ISSN: 0973-7510

E-ISSN: 2581-690X

Review Article | Open Access
Yuniar Mulyani1 , Yeni Mulyani2, Mochamad Untung K. Agung2 and Dian Yuni Pratiwi1
1Department of Fisheries, Faculty of Fisheries and Marine Sciences, Universitas Padjadjaran, Sumedang Regency, West Java Province, Indonesia.
2Department of Marine Science, Faculty of Fisheries and Marine Sciences, Universitas Padjadjaran, Sumedang Regency, West Java Province, Indonesia.
Article Number: 9040 | © The Author(s). 2024
J Pure Appl Microbiol. 2024;18(2):762-771. https://doi.org/10.22207/JPAM.18.2.40
Received: 05 October 2023 | Accepted: 24 February 2024 | Published online: 27 May 2024
Issue online: June 2024
Abstract

Virus has the ability to cause health problems and even death in humans. Therefore, this review aims to assess the potential of metabolites derived from Bacillus species as viral protease inhibitors, specifically targeting Mpro/3CLpro and PLpro, in SARS-CoV-2 infection. During infection, SARS-CoV-2 enters host cells and initiates replication by translating viral proteases. The major protease (Mpro), also known as 3CLpro, and the papain-like protease (PLpro) are both encoded by SARS-CoV-2. Protease inhibitors (PIs) disrupt the formation of new viral particles by suppressing protease activity. Metabolites capable of acting as protease inhibitors found in Bacillus spp. include chondrillasterol, cholestane, trifluoroacetic acid, octadecenoic acid, stigmasterol, 9-octadecenoic acid, hexadecanoic acid, Macrolactin A, Subtilosin A, Leodoglucomide, Gramicidin S, and Tyrocidine A. Molecular docking analysis presented effective binding of these compounds to the active sites of Mpro or PLpro. The results showed that various compounds identified in Bacillus spp. had the potential to be developed as alternative drugs for combating SARS-CoV-2.

Keywords

Virus, SARS-CoV-2, Bacillus, Proteases, Protease inhibitors

Introduction

Virus has the ability to cause health problems and even death in humans. History shows that various viral outbreaks have led to widespread morbidity and mortality across different countries. Coronaviridae is popular among the virus families known to cause respiratory, neurological, and gastrointestinal problems in humans. This comprises the subfamily Coronavirinae,1 which includes the genera Alphacoronavirus (CoV), Betacoronavirus (CoV), Gammacoronavirus (CoV), and Deltacoronavirus (CoV).2 Furthermore, a coronavirus (CoV) contains an enveloped single-positive-strand RNA and is capable of infecting vertebrates, such as mammals and poultry birds. This virus group has been reported to initiate several pandemics over the years.3

Severe Acute Respiratory Syndrome Coronavirus (SARS-CoV) was first identified in November 2002 in the southern region of China. Subsequently, it experienced a rapid widespread transmission across 29 countries through international travel. By July 2003, the epidemic had resulted in 8,098 cases and 774 fatalities, representing a mortality rate of approximately 9.6%. In September 2012, Middle East Respiratory Syndrome Coronavirus (MERS-CoV) was diagnosed in a patient from Jeddah, Saudi Arabia, with symptoms of acute pneumonia and multi-organ failure. This virus continued to spread both in and outside the Middle East, with clusters of cases detected on several continents. On October 9, 2015, the total number of individuals infected by MERS-CoV reached 1,593, among which 568 deaths were recorded.3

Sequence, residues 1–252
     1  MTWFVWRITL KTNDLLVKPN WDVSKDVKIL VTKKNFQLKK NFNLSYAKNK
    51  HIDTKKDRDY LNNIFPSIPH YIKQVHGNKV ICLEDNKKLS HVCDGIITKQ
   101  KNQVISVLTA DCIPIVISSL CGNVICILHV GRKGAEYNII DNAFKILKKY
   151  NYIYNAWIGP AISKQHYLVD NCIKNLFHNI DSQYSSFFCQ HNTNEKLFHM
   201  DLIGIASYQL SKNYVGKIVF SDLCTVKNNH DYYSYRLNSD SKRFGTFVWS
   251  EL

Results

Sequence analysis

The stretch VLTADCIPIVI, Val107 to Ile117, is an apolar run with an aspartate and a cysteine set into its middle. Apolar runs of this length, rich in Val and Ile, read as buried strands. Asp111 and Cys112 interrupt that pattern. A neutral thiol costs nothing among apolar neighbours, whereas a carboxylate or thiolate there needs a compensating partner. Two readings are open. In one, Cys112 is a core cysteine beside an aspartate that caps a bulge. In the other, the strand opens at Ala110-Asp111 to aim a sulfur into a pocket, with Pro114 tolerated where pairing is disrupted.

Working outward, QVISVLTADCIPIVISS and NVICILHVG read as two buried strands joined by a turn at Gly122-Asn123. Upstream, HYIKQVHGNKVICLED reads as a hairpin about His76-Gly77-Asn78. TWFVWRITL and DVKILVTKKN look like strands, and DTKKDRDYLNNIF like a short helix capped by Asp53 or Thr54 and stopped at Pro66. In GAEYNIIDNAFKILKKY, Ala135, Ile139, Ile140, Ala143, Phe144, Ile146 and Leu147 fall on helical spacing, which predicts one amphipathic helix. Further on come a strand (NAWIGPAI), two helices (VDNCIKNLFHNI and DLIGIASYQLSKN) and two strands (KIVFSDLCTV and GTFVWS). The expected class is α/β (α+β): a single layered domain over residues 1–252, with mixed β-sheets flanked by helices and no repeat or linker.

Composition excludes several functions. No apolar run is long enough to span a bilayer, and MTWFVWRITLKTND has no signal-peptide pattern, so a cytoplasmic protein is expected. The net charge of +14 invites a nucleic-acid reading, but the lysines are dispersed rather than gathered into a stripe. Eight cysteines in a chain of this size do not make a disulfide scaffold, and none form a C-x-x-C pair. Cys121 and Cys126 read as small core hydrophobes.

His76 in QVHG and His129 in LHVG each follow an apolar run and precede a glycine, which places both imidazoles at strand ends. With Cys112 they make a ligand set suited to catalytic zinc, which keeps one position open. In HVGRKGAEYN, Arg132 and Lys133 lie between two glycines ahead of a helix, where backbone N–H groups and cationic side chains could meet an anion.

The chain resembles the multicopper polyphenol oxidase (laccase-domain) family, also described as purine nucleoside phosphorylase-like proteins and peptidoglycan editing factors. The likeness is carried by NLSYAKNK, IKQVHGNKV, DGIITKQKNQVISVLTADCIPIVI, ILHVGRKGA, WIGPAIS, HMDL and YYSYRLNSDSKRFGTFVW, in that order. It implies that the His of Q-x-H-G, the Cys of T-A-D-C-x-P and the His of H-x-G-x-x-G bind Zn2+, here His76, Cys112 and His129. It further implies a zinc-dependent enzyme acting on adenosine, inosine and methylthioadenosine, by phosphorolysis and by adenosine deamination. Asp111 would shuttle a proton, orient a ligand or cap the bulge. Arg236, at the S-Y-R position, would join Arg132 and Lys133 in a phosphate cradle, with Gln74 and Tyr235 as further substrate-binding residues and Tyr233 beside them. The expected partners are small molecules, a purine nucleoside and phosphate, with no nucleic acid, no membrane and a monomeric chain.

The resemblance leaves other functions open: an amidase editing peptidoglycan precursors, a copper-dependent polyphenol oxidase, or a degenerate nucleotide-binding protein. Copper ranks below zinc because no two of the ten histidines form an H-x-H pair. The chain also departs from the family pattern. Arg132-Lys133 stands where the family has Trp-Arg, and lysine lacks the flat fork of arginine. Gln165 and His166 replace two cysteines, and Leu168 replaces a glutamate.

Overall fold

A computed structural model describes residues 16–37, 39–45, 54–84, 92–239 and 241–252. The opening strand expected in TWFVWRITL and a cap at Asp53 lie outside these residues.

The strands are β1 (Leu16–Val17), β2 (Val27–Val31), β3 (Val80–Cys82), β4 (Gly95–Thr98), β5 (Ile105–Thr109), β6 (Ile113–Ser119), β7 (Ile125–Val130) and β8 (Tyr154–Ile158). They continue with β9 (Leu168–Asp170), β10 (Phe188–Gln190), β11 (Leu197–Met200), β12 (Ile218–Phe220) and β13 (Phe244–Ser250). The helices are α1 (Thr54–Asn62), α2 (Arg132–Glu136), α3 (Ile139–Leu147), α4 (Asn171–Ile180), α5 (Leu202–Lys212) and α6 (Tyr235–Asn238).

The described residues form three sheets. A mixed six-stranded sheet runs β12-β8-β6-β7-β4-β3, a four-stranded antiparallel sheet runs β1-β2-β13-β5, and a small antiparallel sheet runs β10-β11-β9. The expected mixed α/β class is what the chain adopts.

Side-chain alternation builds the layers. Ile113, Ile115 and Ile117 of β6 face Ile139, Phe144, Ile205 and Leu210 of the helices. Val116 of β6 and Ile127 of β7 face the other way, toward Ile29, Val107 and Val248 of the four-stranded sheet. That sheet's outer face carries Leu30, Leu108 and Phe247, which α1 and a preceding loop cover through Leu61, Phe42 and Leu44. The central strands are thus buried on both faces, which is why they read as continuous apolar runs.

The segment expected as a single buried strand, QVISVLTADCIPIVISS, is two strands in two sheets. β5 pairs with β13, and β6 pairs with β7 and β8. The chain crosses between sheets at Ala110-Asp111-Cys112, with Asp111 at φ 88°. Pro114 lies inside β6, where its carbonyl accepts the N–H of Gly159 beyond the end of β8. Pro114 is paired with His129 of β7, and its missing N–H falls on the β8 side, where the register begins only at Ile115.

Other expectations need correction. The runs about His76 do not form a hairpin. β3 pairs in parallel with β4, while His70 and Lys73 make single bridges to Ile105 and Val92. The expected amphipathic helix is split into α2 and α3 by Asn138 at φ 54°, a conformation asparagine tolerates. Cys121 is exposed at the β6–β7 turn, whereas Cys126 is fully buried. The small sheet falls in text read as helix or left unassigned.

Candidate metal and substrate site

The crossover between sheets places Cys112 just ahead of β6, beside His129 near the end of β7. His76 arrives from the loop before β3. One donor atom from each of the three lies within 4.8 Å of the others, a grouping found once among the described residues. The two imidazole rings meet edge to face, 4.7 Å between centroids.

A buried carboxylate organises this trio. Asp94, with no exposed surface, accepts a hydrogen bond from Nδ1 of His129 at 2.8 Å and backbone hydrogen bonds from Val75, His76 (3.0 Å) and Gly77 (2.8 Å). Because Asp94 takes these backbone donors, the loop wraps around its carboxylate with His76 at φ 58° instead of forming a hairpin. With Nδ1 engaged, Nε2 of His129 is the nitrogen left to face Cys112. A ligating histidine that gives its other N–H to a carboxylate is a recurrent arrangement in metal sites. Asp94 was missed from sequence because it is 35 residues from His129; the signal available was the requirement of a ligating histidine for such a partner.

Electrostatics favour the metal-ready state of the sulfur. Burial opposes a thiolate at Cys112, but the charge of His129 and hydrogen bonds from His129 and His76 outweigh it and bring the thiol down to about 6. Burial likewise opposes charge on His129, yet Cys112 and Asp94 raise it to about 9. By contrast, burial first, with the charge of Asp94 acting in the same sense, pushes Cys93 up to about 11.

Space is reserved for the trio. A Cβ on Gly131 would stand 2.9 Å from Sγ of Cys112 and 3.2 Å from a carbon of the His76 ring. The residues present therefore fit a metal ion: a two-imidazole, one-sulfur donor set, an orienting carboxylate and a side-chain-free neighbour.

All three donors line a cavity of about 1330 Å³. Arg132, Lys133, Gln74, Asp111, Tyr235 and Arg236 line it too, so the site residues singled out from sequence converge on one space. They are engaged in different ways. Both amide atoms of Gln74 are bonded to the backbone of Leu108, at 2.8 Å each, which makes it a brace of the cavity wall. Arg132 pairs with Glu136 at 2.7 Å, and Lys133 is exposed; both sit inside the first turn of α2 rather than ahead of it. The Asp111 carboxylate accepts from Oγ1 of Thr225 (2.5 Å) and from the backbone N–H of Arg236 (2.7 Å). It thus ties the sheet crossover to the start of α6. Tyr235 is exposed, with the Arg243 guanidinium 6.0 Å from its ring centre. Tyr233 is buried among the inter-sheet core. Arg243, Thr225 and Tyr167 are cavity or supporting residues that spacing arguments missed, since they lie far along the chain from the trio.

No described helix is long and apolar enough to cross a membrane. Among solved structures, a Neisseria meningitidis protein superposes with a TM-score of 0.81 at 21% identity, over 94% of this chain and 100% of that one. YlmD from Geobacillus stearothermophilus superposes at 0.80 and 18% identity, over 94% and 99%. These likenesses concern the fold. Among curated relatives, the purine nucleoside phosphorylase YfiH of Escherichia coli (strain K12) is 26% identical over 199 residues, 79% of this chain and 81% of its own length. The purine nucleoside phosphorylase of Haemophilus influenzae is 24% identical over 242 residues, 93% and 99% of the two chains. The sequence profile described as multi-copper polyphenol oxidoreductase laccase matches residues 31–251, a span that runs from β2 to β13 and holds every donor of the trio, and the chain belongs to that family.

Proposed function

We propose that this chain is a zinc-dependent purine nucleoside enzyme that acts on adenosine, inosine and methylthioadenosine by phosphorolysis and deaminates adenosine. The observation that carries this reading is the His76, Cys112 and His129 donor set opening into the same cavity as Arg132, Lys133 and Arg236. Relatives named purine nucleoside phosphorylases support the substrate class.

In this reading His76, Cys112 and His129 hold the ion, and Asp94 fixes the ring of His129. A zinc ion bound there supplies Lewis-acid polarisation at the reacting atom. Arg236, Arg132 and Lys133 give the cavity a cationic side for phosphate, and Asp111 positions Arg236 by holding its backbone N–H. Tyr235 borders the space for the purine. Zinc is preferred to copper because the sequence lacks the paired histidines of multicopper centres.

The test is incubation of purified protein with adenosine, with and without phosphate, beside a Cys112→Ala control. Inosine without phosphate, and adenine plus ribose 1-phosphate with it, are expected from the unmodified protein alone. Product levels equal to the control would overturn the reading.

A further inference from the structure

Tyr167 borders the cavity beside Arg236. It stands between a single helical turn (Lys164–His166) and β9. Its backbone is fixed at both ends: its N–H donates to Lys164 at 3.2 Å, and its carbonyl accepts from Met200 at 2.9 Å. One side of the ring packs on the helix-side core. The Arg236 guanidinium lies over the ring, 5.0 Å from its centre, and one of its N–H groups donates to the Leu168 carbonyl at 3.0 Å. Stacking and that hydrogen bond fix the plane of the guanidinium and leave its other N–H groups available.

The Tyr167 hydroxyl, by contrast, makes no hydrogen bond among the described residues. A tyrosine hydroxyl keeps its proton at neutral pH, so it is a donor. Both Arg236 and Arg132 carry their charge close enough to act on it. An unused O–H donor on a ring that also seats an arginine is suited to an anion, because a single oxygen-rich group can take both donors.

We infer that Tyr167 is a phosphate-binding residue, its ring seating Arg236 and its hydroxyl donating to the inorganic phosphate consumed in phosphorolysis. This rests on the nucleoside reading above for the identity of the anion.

In March 2020, the World Health Organization (WHO) declared the novel coronavirus disease 2019 (COVID-19) a global pandemic, with infections reported in over 100 countries. Patients with this disease commonly show symptoms such as fever, cough, fatigue, headache, hemoptysis, and diarrhea.4 The microorganism responsible for COVID-19 is SARS-CoV-2, a betacoronavirus5 containing a positive-sense single-stranded RNA genome of approximately 32 kilobases in length. SARS-CoV-2 ranges from a size of 80 to 160 nm, and it can cause severe pneumonia.5

On April 8, 2022, WHO reported a total of 493,392,853 confirmed cases of COVID-19 worldwide, with 6,165,833 deaths. Europe has recorded the highest number of cases, followed by America and Southeast Asia. Moreover, several strains of SARS-CoV-2 including B.1.1.7, B.1.351, P.1,6 and the omicron variant B.1.1.529,7 have been identified. B.1.1.7 was first detected in the UK in October 2020, while B.1.351 and P.1 were first identified in South Africa and Brazil, respectively.6 The earliest case of the omicron variant was announced in November 2021 from South Africa.7

Significant advancements have been made in medical research and therapeutics since the onset of the global pandemic in 2020. These include Remdesivir, an RNA polymerase inhibitor, endorsed by the Food and Drug Administration (FDA) for COVID-19 treatment.8 The continuous evolution of virus necessitates the development of additional antiviral agents. Despite several vaccines and drug candidates being in clinical trials, novel antivirals and antibodies need to be designed to address newly identified variants for effective control of the pandemic.9

The pathogenesis of SARS-CoV-2 infection essentially depends on viral or host proteases, which play crucial roles in viral replication, protein maturation, and disease progression.10 Specifically, papain-like protease (PLpro) and major protease (Mpro/3CLpro) are essential for viral replication and development. Therefore, restraint of viral protease activity using inhibitors presents a promising therapeutic method for COVID-19. Protease inhibitors function by disrupting viral replication through the prevention of polyprotein cleavage. These can be small molecules, proteins, or peptides that target specific protease enzymes.11 Numerous metabolites with potential viral protease inhibitory properties have been isolated from various sources, including plants,12 algae,13 bacteria, and fungi.14 Research showed that metabolites derived from Bacillus spp. manifested antiviral.15,16 and protease inhibitory activity.17 Bacillus spp. are ubiquitous bacteria found in soil, sediment, and marine environments,18 known for being easily culturable as well as capable of producing spores and different metabolites.19,20 Therefore, this review aims to explore the bioactivity of Bacillus spp. metabolites by focusing on the potential to serve as viral protease inhibitors with high specificity against PLpro and Mpro/3CLpro in SARS-CoV-2 infection.